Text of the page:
For most of the 20th century through the modern times, Time has documented the history of America as it happened, week by week and month by month. From the annual “Person of the Year” to the iconic images which have become part of American culture, Time has defined our generation and our parents’.
Now, the editors of Time (Kelly Knauer in particular) have stepped back a century and a half to chronicle the Battle of Gettysburg in a new book, Gettysburg: The Turning Point of the Civil War. Lavishly illustrated with concise and useful prose, this book is sure to be among the very best of the seemingly endless stream of new works to come out in 2013 during the 150th anniversary of the battle of Gettysburg.
Noted historian James M. McPherson wrote the prologue to the book, offering his insights as to why Gettysburg matters and exploring the legacy of the battle and its importance. He also examines the historical importance of Lincoln’s Gettysburg Address. Novelist Jeff Shaara wrote the prologue, giving a fictional, yet moving, account of a Confederate infantryman as he prepares to advance across the mile-wide fields on July 3 toward the awaiting distant Yankee guns, an assault later famed as “Pickett’s Charge.”
(Photo of a part of Gettysburg’s First Day field by Scott Mingus, May 2013)
Several useful maps by Time cartographer/artist Jackson Dyke and a slew of photographs selected by Deirde Read add visual appeal and depth to the new book.
Chapters are laid out in chronological order, beginning with a synopsis of the reasons for division of the Union and secession. Knauer and the Time team of experts sprinkle a series of profiles of key leaders throughout the book, beginning with Robert E. Lee and J.E.B. Stuart, interspersed with commentary on the early stages of the Gettysburg Campaign.
The section on July 1, 1863, begins with the opening combat and maneuvers, and includes a profile of George Gordon Meade. Time editor David von Drehle takes a look at the almost two years of frustration as President Abraham Lincoln and the U.S. War Department struggle to identify a suitable leader for the Army of the Potomac. A string of commanders, each with his own set of skills and a larger set of problems, have failed to prove themselves as effective matches for Confederate leader Robert E. Lee. Now, Lincoln has recently turned to Meade, a resident of Pennsylvania before the Civil War.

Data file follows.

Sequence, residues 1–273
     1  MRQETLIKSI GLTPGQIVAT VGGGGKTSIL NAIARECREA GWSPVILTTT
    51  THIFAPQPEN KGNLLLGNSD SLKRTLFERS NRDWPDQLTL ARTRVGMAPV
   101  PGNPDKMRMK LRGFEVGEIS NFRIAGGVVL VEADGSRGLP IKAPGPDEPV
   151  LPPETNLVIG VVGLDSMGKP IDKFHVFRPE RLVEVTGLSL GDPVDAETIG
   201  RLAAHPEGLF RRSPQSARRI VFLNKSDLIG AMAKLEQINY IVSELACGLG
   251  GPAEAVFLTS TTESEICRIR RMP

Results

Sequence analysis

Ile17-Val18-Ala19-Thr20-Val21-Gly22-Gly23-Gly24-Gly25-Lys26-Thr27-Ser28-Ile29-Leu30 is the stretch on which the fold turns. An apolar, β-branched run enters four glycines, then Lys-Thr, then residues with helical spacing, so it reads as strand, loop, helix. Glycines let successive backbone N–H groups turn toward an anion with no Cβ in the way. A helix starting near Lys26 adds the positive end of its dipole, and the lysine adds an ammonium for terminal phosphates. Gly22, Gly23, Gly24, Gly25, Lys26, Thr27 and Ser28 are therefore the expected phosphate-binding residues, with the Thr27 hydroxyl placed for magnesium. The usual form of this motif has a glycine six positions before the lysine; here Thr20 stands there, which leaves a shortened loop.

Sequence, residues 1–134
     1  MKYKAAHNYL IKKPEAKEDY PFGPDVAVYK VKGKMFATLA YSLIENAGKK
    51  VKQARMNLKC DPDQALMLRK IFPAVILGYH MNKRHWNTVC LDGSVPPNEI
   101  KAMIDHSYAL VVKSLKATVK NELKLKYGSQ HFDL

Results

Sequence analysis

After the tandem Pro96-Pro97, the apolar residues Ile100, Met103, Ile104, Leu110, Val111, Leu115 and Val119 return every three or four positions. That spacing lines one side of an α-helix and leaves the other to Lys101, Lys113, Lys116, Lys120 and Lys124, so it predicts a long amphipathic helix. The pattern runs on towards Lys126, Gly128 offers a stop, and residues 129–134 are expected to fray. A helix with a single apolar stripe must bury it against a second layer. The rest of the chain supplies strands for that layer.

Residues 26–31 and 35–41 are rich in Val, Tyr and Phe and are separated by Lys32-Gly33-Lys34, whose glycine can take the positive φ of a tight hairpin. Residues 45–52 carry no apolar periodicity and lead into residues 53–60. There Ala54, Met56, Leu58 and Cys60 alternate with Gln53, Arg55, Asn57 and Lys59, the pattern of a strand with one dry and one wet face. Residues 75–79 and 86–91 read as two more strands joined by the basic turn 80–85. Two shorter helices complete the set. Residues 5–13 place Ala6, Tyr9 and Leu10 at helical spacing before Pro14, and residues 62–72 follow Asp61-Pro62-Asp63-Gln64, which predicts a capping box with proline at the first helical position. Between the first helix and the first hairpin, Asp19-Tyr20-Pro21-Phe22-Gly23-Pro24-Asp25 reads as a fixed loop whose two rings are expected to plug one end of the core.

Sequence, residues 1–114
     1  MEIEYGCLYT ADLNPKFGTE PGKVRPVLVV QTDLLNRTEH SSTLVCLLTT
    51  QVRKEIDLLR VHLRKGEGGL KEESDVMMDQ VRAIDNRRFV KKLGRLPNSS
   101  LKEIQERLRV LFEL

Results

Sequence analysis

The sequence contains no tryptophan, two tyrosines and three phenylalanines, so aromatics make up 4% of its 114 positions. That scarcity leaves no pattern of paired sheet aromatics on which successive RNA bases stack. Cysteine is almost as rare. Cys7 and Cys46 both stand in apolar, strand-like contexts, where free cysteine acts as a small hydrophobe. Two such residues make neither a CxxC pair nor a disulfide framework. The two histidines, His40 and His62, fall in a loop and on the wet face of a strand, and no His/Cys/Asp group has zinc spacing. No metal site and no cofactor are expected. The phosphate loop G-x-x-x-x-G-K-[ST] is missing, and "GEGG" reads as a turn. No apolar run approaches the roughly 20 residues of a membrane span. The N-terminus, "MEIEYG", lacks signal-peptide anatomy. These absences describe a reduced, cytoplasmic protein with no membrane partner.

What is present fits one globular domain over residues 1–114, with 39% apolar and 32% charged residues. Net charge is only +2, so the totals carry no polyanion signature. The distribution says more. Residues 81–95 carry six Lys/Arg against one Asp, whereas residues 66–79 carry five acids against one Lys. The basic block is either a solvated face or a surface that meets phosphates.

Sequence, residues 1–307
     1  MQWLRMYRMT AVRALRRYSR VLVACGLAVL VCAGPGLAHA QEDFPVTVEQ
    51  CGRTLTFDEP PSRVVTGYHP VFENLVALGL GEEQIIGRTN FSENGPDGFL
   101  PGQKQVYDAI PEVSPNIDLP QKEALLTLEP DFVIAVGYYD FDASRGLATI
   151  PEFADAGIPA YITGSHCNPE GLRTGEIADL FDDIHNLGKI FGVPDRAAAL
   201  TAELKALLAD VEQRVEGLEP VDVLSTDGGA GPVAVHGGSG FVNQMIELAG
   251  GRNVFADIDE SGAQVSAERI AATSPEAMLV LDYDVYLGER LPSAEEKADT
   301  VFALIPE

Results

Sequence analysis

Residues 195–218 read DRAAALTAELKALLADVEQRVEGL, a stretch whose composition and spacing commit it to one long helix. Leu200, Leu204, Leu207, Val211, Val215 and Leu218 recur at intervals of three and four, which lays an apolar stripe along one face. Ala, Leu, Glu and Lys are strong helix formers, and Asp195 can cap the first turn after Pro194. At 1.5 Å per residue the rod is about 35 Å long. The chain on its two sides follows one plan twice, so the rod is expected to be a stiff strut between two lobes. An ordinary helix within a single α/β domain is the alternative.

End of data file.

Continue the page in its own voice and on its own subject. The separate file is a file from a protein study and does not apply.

The July 2 section includes a profile of several key commanders, with a focus on Joshua L. Chamberlain (a popular topic in most modern books on Gettysburg), as well as a treatise on battlefield medicine at that point in history.
The July 3 section gives us a profile of James Longstreet and several lesser known leaders who played key roles in the day’s action, with an emphasis of course on Pickett’s Charge. A chapter in this section recounts the history of the Gettysburg Cyclorama, and an interesting essay by historian Drew Gilpin Faust and filmaker Ric Burns discusses the changes in military tactics brought about by the massive casualties incurred at Gettysburg.
The last major section, “Gettysburg in Memory,” explores Civil War photographers, Lincoln’s Gettysburg Address, and the long road to peace. Time film critic Richard Corliss reviews Hollywood’s approach to the Civil War.
This book is a very useful reference for those who may not be well versed in Gettysburg lore, and for the veteran battle buff offers some interesting material, especially the last section. Well written with an excellent selection of photographs and illustrations, the new book is a winner.
From the publisher: “To commemorate the 150th anniversary of Gettysburg this summer, TIME magazine and Time Home Entertainment will release Gettysburg: Turning Point of the Civil War (April 30), a beautifully illustrated, oversized hardcover book complete with fresh reports and insights on the epic three-day conflict along with an impressive collection of battle photographs.
Gettysburg is known as the largest and most important battle of the Civil War and one of the landmark events in American history in that its outcome ensured the survival of the U.S. as one nation.
The book is edited by chief writer Kelly Knauer and features new perspectives on the war from a celebrated roster of writers, historians and scholars including, among others, TIME journalist Jeff Kluger who discusses medicine on the battlefield… Early historic process photographer Todd Harrington revisits Gettysburg’s battlefields using famed Civil War lens man Matthew Brady’s process.”
Gettysburg: Turning Point of the Civil War
Time, New York, 2013
186 pages, indexed, illustrated with maps